# GOLDEN RATIO

### WHAT DOES IT REALLY MEAN

## Golden Ratio in life

The golden ratio is all around us, in nature, in movies, even on our favorite book covers. The golden ratio is a ratio that the ancients came up with to explain/show what humans find attracting. It shows where the most important item in a picture should go. The golden Ratio is essentially a spiral and where the spiral ends is where the most important thing should go.

## Golden Ratio in nature The golden ratio is literally all around us. Take a look at nature. A really good look. If you look hard enough you'll see that even nature uses the golden ratio. God created everything to be pleasing, so it makes sense that what He made uses the golden ratio which is pleasing to the eye. Look at the roses in your gardens, the petals form and pattern are using the golden ratio. This occurs through out all of nature. | ## Golden ratio in priceless paintings Even artists from ages ago use the golden ratio. Look at the Mona Lisa; Leonardo DaVinci used the golden ratio in his famous painting the Mona Lisa. Look at the spiral shape in this picture. The focus of the painting is where the spiral ends i.e her face. That's one of the reasons that the painting works so well. It takes the golden ratio into account. | ## How to use the golden ratio The golden ratio sound intimidating but its actually pretty easy to use. the ratio is 1.6....... So basically you take a screen/image/ etc and cut it so that one of the halves has the length of 1.6; then keep going. Eventually you will end up with a image like this one. Then you draw a spiral in it like you saw in the other two images. Try to place all the objects in the image in the spiral. The end of the spiral is the point in the picture that will appear most attractive. |

## Golden Ratio in nature

The golden ratio is literally all around us. Take a look at nature. A really good look. If you look hard enough you'll see that even nature uses the golden ratio. God created everything to be pleasing, so it makes sense that what He made uses the golden ratio which is pleasing to the eye. Look at the roses in your gardens, the petals form and pattern are using the golden ratio. This occurs through out all of nature.

## Golden ratio in priceless paintings

Even artists from ages ago use the golden ratio. Look at the Mona Lisa; Leonardo DaVinci used the golden ratio in his famous painting the Mona Lisa. Look at the spiral shape in this picture. The focus of the painting is where the spiral ends i.e her face. That's one of the reasons that the painting works so well. It takes the golden ratio into account.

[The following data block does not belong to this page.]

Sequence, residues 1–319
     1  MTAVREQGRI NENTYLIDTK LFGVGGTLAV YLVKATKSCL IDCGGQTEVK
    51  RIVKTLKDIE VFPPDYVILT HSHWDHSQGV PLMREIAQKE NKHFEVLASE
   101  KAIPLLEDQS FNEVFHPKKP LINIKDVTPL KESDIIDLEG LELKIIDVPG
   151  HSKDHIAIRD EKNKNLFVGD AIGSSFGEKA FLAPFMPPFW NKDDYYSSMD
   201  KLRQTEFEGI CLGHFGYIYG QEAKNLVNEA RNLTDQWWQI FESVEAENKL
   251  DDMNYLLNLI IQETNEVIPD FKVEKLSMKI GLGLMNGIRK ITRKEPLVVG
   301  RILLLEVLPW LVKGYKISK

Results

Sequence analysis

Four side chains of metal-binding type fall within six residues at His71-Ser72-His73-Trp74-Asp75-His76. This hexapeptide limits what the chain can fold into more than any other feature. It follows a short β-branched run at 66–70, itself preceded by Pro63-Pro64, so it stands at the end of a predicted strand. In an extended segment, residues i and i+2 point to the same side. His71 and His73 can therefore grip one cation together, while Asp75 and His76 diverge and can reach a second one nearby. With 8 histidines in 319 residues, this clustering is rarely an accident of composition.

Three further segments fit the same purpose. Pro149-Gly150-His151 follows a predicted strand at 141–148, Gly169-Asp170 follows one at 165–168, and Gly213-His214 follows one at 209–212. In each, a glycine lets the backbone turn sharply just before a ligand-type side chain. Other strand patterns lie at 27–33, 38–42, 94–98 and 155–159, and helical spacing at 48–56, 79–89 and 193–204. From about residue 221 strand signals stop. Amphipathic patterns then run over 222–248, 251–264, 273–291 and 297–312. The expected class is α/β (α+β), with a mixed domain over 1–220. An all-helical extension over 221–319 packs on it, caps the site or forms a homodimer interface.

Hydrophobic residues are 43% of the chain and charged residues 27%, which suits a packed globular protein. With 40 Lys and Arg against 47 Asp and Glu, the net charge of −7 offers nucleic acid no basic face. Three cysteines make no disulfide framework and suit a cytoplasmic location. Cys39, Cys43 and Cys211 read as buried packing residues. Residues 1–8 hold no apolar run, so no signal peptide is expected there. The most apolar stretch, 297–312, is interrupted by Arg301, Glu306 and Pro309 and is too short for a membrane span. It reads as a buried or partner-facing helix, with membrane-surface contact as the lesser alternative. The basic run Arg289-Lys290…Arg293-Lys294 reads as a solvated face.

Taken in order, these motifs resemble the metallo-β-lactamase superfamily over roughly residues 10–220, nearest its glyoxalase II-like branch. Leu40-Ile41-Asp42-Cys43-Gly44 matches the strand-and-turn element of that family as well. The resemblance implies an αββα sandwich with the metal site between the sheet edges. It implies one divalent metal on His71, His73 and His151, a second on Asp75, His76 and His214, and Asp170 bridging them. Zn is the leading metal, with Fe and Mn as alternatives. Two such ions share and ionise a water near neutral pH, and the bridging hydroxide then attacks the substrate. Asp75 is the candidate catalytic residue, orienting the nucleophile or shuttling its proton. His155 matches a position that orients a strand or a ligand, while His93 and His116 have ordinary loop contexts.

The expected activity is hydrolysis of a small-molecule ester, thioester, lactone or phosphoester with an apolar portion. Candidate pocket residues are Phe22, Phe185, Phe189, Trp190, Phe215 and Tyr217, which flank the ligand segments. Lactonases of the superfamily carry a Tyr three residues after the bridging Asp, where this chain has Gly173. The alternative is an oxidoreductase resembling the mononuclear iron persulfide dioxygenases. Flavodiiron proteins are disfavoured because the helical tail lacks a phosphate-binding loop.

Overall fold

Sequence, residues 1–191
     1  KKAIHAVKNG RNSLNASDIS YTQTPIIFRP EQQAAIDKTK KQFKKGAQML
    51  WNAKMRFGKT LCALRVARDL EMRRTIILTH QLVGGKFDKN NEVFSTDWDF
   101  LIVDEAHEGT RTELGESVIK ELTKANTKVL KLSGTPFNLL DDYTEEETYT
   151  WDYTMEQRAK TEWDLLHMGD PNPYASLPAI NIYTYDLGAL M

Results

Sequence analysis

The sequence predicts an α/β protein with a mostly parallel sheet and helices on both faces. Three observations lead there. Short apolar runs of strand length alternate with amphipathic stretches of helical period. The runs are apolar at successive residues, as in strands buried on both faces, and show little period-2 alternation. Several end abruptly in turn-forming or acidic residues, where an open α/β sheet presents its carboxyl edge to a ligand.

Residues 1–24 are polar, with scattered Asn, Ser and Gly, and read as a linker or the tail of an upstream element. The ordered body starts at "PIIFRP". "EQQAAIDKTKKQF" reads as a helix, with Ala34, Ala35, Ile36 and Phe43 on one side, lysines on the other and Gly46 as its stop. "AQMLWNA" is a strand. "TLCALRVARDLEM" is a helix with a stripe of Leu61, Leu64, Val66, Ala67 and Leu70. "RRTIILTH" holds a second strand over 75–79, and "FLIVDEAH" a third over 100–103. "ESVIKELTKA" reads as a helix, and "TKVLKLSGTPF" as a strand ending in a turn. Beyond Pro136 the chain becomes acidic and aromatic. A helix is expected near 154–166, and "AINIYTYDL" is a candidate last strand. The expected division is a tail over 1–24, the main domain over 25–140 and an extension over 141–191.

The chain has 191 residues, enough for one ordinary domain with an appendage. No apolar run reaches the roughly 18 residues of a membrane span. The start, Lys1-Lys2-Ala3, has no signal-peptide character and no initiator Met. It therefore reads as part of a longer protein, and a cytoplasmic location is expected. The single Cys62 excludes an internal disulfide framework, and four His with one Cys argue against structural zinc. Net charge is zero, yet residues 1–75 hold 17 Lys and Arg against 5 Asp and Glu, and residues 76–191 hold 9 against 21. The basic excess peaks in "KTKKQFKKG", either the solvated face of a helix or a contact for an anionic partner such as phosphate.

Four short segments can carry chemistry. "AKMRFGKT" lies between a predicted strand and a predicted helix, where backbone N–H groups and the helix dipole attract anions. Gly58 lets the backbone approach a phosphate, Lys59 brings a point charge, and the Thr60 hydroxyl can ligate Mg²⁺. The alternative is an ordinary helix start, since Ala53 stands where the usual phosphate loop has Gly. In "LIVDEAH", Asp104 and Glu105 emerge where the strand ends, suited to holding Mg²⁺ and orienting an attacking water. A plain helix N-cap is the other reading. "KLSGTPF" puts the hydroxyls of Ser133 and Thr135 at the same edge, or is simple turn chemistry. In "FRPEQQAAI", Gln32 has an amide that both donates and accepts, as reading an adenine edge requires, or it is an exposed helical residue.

## How to use the golden ratio

The golden ratio sound intimidating but its actually pretty easy to use. the ratio is 1.6....... So basically you take a screen/image/ etc and cut it so that one of the halves has the length of 1.6; then keep going. Eventually you will end up with a image like this one. Then you draw a spiral in it like you saw in the other two images. Try to place all the objects in the image in the spiral. The end of the spiral is the point in the picture that will appear most attractive.

## The history of the golden ratio

The golden ratio is said to be discovered by Fibonacci; however that isn't completely true. It was actually discovered by the ancient Greeks, ancient Romans, and the Mayans. Fibonacci was just the first person to find the golden ratio in nature and to connect the dotes to find its true meaning. The Golden Ratio is in a lot of things and we don't even know it. It's in the human anatomy, (our faces, fingers, organs, etc) flowers, animals, trees, bugs, computer screens, twitter, apps, and thousands of other things.

There has been a lot of debate behind why the golden ratio works. There are a lot of theories trying to explain it. One of the newer theories that has gained a lot of acceptance by artists and scientists is a theory made by Adrian Bejan, a professor in Duke University. He says that the human eye can process things with the golden ratio faster than anything else; so naturally, this causes the eyes to look for the golden ratio because of its easiness to process. Now this is only one theory and there are hundreds out there. At the end of the day, the one thing we actually do know about the golden ratio is that it works and it's all around us.